Fuel exhaustion Accident Cessna 150K N5813G,
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ASN Wikibase Occurrence # 356352
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Date:Wednesday 1 January 1997
Time:14:41 LT
Type:Silhouette image of generic C150 model; specific model in this crash may look slightly different    
Cessna 150K
Owner/operator:William Beck
Registration: N5813G
MSN: 15071313
Year of manufacture:1969
Total airframe hrs:4609 hours
Engine model:Continental O-200-A
Fatalities:Fatalities: 0 / Occupants: 2
Aircraft damage: Substantial
Location:Daytona Beach, FL -   United States of America
Phase: Take off
Departure airport:(KDAB)
Destination airport:(KDAB)
Investigating agency: NTSB
Confidence Rating: Accident investigation report completed and information captured
Before the first of several legs of flight, the pilot used a wooden stick to confirm the fuel quantity, since one of the fuel gauges was inoperative. He then departed, performed airwork, and continued to a landmark, where a flyby was performed. The pilot landed at an airport, remained a short time, then during the preflight, he noted that the fuel quantity indicated about 1/2. The flight departed, and the pilot flew to another airport, and performed a full stop landing with taxiback. He then departed on a return flight to the original departure airport, where he performed two touch-and-go landings. During the takeoff roll of the third touch-and-go, the pilot noted that the engine was not producing full power; however, with insufficient runway remaining to stop, he elected to continue. About 200 feet above ground level, the engine coughed, then the propeller stopped. Subsequently, the airplane collided with concrete blocks during a forced landing. The pilot stated to a police officer that he believed the engine quit because he ran out of fuel. Postcrash examination of the airplane by an FAA inspector revealed 3.0 gallons of fuel remaining in the fuel tanks. According to the airplane type certificate data sheet, the unusable fuel quantity was 3.5 gallons. Following recovery of the airplane, the engine was started, and it operated to 750 rpm. Impact damage precluded operating the engine to a higher rpm.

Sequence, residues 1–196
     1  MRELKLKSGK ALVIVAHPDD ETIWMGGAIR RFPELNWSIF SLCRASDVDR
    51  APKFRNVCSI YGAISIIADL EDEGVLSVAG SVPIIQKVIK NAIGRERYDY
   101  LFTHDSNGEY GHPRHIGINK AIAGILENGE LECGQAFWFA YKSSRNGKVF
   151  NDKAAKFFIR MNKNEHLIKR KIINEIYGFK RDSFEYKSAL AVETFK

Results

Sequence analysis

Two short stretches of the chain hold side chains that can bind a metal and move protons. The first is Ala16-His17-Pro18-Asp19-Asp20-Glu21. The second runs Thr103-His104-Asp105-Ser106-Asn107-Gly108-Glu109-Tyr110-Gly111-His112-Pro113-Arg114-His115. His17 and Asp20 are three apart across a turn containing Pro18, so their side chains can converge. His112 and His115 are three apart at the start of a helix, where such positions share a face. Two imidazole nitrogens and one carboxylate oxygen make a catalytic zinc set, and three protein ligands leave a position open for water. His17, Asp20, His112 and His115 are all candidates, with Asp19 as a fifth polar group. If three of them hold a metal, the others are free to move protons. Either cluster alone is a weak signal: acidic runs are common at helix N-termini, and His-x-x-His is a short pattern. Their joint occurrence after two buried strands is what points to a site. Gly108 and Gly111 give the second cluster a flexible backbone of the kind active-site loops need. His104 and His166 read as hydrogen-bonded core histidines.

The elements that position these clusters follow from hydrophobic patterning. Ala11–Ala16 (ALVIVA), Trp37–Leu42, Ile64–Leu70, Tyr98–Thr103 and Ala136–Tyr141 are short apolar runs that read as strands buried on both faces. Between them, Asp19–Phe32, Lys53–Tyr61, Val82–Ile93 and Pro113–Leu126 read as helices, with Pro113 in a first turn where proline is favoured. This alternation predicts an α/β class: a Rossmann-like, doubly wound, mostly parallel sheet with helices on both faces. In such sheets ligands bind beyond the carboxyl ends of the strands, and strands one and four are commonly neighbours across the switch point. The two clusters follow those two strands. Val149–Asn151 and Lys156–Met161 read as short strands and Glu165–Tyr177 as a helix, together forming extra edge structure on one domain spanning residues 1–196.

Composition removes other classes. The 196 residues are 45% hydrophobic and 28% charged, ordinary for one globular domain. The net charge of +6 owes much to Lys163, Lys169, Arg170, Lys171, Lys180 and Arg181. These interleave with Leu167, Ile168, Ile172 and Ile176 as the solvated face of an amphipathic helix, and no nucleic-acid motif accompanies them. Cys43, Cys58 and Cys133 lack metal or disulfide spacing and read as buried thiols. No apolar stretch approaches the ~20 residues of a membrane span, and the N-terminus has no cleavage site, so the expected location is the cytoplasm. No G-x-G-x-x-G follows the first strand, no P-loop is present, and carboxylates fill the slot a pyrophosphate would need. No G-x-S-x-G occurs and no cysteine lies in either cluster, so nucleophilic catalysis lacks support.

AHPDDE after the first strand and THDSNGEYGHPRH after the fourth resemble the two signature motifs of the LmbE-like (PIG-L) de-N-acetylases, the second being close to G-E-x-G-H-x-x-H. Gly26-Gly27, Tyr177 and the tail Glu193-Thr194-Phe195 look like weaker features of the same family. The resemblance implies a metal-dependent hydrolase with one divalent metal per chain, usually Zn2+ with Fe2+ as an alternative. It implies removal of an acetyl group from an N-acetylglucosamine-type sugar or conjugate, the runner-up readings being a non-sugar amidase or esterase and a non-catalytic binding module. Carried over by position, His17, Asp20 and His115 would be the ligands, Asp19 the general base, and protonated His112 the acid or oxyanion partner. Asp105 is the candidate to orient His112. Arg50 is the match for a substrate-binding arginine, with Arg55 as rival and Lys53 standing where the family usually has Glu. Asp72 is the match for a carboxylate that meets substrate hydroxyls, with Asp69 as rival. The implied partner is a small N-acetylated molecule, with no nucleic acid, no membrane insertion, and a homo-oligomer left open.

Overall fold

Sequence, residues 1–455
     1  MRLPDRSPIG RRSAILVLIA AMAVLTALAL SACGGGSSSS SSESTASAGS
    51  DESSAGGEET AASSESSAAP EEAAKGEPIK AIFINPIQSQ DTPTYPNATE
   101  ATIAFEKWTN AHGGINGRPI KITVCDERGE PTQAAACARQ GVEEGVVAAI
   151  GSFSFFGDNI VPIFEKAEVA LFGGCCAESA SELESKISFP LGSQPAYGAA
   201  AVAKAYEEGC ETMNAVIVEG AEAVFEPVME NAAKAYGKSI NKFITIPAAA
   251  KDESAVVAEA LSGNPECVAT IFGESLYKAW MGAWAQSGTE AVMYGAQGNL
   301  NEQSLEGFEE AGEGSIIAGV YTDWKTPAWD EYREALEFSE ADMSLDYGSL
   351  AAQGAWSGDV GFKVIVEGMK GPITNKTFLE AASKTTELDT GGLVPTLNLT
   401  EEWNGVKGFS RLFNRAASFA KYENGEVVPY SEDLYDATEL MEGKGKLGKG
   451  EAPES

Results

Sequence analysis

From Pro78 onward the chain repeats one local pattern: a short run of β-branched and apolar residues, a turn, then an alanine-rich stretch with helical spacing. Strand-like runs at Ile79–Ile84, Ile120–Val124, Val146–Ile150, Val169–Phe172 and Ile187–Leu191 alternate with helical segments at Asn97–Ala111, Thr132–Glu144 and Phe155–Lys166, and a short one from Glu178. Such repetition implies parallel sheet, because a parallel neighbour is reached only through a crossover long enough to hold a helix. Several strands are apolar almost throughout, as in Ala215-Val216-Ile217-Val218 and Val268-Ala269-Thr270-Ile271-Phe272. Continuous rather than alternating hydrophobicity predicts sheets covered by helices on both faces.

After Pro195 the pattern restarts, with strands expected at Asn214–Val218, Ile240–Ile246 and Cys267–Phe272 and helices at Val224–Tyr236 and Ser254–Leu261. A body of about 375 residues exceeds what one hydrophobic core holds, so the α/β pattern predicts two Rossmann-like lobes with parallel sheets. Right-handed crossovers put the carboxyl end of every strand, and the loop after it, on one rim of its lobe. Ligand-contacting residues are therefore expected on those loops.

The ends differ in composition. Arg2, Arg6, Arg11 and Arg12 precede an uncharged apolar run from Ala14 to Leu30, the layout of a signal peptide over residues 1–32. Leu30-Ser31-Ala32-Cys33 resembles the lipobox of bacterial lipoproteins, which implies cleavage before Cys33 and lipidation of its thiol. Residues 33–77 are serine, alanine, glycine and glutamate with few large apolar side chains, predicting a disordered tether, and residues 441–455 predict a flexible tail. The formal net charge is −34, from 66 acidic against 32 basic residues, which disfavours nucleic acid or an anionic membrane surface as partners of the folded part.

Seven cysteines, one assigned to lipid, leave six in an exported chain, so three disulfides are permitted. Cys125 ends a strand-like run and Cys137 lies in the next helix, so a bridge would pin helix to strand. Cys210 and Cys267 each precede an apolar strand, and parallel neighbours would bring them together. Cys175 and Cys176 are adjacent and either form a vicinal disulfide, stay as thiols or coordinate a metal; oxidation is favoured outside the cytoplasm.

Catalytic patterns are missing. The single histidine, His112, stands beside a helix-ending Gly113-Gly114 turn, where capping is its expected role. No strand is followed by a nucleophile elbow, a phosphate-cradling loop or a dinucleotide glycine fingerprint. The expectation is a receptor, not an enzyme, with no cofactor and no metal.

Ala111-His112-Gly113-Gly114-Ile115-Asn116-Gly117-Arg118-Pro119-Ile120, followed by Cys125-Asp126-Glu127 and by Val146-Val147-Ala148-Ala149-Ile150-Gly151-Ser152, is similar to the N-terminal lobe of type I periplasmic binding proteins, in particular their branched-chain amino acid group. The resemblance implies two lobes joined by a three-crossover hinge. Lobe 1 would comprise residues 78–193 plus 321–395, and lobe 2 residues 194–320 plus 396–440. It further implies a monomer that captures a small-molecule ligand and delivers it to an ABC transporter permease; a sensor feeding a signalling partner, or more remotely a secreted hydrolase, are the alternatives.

Probable Cause: the pilot's improper planning/decision, by failing to ensure there was sufficient fuel for continued flight, which resulted in fuel exhaustion and subsequent collision with objects (concrete blocks) during a forced landing. Factors relating to the accident were: a partially inoperative fuel gauge, which provided a false fuel indication, and the pilot's operation of the airplane with the known deficiency.

Accident investigation:
Investigating agency: NTSB
Report number: MIA97LA054
Status: Investigation completed
Duration: 9 months
Download report: Final report




Revision history:

12-Mar-2024 21:38 ASN Update Bot Added

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